By Scott Hunt
The Dog Grumbler
NORMAN is staying with us.
He doesn’t seem perturbed by the dog and fortunately the dog seems happy to ignore Norman, although avifauna in our garden are anathema.
He whistles when someone arrives. He whistles in a manner that splits ears. If you put a finger near his cage, he tries his best to inflict serious, if not terminal injury.
I don’t hold this against him.
In cockatiel terms, he is probably a very nice guy but he doesn’t exactly bring you your slippers if you get my drift.
Norman prefers my wife.
He plays “Peek-a-boo” with her and whistles the Addams Family theme and ‘In An English Country Garden’ for her, but he refuses to whistle ‘Dixie’ for me, despite my patient repetition.
I guess he prefers chicks.
Don’t get me wrong; for a dog guy I’m rather into things ornithological and Norman’s stay is an opportunity to reflect on the gulf that separates us and the ties that bind.
Right now, he’s preening.
I think perhaps he’s starting to relax in my presence although he seems indignant when he notices my attention to his sartorial preoccupation.
He prefers chickweed but enjoys an opportunity to reject something else.
He’s looking at the remaining thistle hanging through the top of his cage, then staring at me.
He wants more chickweed.
The thing is, he seems to have this weird sense of humour.
He does the telephone ring. He also does the dog scratching at the door to come in.
He only does this when my wife is not in the room.
I find myself rising from my chair at the most inconvenient moments to admit a dog who was already asleep at my feet or to answer a telephone call that nobody made.
She thinks I’m making it up.
I close the door or hang up the phone and trudge back towards my comfy chair with a castigatory glance at the birdcage, to be met with a “Peek-a-Boo” from you know who.
Since I’m up, I fetch some fresh chickweed.
I put it on top of his cage because no way am I putting my hand in there. He’s offended because I didn’t ask first.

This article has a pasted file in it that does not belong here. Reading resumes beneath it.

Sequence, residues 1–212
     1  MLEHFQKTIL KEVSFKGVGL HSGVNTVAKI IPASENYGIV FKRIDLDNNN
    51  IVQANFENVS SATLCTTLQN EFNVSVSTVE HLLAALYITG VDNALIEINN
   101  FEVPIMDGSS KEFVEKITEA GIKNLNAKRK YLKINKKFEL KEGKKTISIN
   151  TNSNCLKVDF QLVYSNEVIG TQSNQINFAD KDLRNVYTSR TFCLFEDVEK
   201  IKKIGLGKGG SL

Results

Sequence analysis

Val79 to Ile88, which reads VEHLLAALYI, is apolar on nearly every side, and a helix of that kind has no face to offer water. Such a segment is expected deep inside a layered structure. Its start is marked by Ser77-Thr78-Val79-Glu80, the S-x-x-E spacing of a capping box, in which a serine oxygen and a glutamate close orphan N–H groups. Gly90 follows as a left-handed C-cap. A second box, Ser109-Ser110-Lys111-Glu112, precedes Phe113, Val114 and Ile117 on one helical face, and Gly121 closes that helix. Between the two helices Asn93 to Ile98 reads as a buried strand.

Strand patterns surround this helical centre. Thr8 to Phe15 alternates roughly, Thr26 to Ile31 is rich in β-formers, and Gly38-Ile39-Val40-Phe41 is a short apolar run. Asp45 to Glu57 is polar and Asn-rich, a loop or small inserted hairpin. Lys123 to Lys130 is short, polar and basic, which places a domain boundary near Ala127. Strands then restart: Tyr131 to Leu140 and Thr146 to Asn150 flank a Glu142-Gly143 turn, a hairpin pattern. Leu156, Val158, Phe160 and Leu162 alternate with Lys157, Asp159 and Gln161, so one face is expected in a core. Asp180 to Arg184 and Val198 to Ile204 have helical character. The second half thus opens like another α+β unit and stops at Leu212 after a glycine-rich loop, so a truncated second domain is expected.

I’m a valet to a parrot. I’m a straight man to a birdbrain, a cockatiel’s cuckold.
And yet I am drawn to him; there’s stuff going on behind those little black eyes.
There’s a dignity in his caged existence and the fact that he saves the dog and phone gags for when I’m the only human in the room suggests that he recognises me and behaves accordingly.
He’s gaslighting me, but I forgive him.
He didn’t ask to live like this and cannot survive in nature. He’s doomed to life in a cage.
Out in the air and the trees Norman would interact with others of his feather — swap songs, improvise melodies, surf the wind.
Here in his cage in my dining room, I’m all he’s got and as he grows accustomed to me and I to him we are building an understanding.
Or perhaps a stand-up routine.
The dog is different. Norman is stuck with me, but the dog chose me.
The dog did all the work. The dog is proactive – as a species.
There are millions of birds all around us – are they all as aware of human behaviour as Norman? Do we care?
Mostly, we don’t notice them until they crap on our car.
With my newly sparked awareness, it’s hard to separate them from their cousin in my dining room.
What are they thinking as they watch me collect chickweed for Norman indoors?
The dog follows me back inside.
She casts a warning look at the starlings, doves and wattlebirds looking down on my garden. I think she understands them better than I ever will.
It’s comforting to know one of us is on top of it.
I’ll miss Norman when he goes home, but I guess I’m not really a bird guy – I’m just whistling Dixie.